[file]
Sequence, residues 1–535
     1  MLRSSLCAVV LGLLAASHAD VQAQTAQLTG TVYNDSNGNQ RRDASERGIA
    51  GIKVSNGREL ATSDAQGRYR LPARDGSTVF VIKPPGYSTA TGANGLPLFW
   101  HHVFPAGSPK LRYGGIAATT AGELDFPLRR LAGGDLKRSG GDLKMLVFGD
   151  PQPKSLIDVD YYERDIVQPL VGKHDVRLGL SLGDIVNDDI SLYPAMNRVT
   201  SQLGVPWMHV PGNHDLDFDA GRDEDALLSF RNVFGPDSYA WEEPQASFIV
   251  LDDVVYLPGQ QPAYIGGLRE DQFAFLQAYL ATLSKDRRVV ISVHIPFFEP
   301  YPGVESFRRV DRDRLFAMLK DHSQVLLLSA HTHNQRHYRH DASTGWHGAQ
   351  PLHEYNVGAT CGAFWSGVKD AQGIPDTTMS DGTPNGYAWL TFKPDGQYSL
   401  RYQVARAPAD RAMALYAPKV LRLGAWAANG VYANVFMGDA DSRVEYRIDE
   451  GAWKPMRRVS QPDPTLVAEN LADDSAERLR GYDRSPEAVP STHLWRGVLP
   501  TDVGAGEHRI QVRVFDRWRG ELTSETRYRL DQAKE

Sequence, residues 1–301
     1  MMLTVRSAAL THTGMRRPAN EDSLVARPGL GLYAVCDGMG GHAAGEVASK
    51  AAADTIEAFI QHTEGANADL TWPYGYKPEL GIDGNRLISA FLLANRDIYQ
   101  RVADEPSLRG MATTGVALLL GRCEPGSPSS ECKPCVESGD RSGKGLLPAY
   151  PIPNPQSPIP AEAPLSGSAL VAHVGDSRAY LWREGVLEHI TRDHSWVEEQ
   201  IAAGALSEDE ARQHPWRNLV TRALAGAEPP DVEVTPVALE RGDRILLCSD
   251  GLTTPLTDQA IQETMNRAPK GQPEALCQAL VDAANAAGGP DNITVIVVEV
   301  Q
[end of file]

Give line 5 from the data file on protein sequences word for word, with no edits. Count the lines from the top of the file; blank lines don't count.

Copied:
   151  PQPKSLIDVD YYERDIVQPL VGKHDVRLGL SLGDIVNDDI SLYPAMNRVT